The only remaining question is whether these three policy statements can be said to be subject to the internal memoranda exception to the statutory definition of a rule. They are not.

The internal management memorandum exception, as statutorily defined, cannot apply if the private interests of any person are affected by the policy. In this case, the private interests of each officer placed under investigation are affected, because the policies restrict the means by which the employee can defend himself or herself against disciplinary charges which, if established, could lead to separation or dismissal from employment, thereby affecting the officer's property right to continued employment. Pursuant to the Police Officer's Bill of Rights, codified at sections 112.531 through 112.535, Florida Statutes (1995), highway patrol officers have a property interest in continued employment. See Grice v. City of Kissimmee, 697 So.2d 186 (Fla. 5th DCA 1997). Such property interest is also created by section 321.06, Florida Statutes (1995), which provides that highway patrol officers may only be disciplined for cause. See Cleveland Bd. of Educ. v. Loudermill, 470 U.S. 532, 538-39, 105 S.Ct. 1487, 1491-92, 84 L.Ed.2d 494 (1985) (Ohio statute providing that civil service employees are entitled to retain their positions unless they commit acts of misfeasance, malfeasance, or nonfeasance, plainly creates a property interest in continued employment). Once the legislature has conferred a property interest in public employment, such interest may not be deprived without appropriate due process procedures. Id. at 541, 105 S.Ct. at 1492-93. The Court in Loudermill expressly characterized an employee's property interest in retaining employment as a "private interest." Id. at 542-43, 105 S.Ct. at 1493-94. Accordingly, the policies that the agency has established, which either protect or impair employees' procedural safeguards in proceedings which could potentially deprive an employee of his or her continued employment, also necessarily affect the employee's private interests. Therefore, these policies do not fit within the internal management memorandum exception. 1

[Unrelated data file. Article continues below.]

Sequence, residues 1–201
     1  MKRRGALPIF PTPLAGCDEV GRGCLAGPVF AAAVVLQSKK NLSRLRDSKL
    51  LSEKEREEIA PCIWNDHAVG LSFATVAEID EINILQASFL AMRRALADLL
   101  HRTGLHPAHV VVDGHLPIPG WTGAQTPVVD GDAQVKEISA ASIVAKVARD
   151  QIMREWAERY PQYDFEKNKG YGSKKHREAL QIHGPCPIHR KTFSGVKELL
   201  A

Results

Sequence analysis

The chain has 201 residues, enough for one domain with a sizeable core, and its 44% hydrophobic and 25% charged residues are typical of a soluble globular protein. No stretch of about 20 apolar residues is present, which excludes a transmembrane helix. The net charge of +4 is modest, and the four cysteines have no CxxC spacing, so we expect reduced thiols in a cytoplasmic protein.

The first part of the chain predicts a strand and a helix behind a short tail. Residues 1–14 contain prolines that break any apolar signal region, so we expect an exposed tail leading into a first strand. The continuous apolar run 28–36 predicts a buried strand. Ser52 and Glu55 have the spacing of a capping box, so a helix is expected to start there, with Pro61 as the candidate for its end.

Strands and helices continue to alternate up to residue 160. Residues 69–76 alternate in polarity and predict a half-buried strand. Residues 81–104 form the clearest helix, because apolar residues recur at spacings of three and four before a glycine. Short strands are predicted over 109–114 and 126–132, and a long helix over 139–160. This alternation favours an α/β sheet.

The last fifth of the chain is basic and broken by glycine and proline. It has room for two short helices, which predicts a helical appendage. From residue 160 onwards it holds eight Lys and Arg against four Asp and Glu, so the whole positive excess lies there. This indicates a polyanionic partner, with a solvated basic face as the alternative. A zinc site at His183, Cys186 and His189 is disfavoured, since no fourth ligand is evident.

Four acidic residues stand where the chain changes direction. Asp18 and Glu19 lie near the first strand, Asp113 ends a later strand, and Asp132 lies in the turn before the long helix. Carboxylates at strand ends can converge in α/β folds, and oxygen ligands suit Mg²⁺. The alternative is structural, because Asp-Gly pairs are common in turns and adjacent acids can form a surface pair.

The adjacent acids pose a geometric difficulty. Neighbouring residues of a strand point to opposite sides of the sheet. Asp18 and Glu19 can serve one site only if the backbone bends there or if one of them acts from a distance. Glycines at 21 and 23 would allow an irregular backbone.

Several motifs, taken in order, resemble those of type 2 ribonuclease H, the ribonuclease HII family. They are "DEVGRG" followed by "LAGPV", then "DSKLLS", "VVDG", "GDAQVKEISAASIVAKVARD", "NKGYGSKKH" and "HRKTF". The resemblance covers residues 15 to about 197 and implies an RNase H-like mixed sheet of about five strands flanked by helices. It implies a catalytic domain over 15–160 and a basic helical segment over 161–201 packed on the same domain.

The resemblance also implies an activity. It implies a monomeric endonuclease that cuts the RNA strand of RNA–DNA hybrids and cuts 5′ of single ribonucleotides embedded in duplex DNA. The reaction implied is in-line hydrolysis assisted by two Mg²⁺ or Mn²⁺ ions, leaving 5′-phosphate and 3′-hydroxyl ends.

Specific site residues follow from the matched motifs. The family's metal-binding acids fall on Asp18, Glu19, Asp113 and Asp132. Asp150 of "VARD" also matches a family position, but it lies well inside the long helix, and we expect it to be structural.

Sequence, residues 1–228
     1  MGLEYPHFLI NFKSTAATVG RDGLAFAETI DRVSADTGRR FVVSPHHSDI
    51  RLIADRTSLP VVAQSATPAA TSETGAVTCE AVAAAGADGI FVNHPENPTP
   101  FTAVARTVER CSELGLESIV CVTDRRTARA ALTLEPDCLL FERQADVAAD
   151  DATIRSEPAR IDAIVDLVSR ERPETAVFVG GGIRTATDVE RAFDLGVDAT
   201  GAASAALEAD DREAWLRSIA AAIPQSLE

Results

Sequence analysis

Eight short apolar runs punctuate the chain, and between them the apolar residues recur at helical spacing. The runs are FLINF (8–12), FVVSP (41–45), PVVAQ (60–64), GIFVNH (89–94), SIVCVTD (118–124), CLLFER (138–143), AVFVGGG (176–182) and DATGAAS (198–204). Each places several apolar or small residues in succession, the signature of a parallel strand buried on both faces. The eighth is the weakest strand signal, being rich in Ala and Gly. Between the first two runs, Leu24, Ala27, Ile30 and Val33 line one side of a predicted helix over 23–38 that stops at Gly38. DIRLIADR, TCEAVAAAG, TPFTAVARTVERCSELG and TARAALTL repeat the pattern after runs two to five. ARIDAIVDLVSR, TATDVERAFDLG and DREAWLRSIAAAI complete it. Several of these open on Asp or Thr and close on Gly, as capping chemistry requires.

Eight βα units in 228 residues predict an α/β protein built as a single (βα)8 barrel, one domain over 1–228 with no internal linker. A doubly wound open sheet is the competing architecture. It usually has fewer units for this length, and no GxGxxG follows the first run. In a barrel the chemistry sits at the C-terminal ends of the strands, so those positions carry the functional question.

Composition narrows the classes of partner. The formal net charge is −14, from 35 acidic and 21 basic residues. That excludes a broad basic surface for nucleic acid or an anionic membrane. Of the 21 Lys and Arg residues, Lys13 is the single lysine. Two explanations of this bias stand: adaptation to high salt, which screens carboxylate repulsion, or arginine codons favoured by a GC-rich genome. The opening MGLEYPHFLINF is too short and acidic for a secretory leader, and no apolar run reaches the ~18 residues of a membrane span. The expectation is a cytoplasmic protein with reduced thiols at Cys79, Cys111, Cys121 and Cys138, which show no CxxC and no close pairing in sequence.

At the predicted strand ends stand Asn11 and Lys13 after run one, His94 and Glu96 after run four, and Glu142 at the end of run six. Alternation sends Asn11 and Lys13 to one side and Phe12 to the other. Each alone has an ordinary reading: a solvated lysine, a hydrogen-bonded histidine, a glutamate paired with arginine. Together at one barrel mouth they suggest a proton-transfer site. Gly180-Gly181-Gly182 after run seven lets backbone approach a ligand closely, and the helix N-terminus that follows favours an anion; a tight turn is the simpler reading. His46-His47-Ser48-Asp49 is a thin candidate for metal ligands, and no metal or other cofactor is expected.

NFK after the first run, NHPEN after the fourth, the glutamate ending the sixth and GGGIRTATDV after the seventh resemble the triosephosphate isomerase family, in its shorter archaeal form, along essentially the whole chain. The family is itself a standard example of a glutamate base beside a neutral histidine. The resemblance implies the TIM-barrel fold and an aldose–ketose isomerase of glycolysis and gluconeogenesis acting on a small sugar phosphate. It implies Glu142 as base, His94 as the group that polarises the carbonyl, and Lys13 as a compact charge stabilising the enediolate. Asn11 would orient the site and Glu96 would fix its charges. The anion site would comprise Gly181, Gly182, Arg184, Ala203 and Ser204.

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The dissent's primary focus, as to the last three of the disputed procedures, appears to be that because none of the statements had been reduced to writing before the stipulation was entered, they could not be considered to comply with section 120.52(15)'s definition of rule. In espousing this position, Judge Benton has failed to cite any authoritative...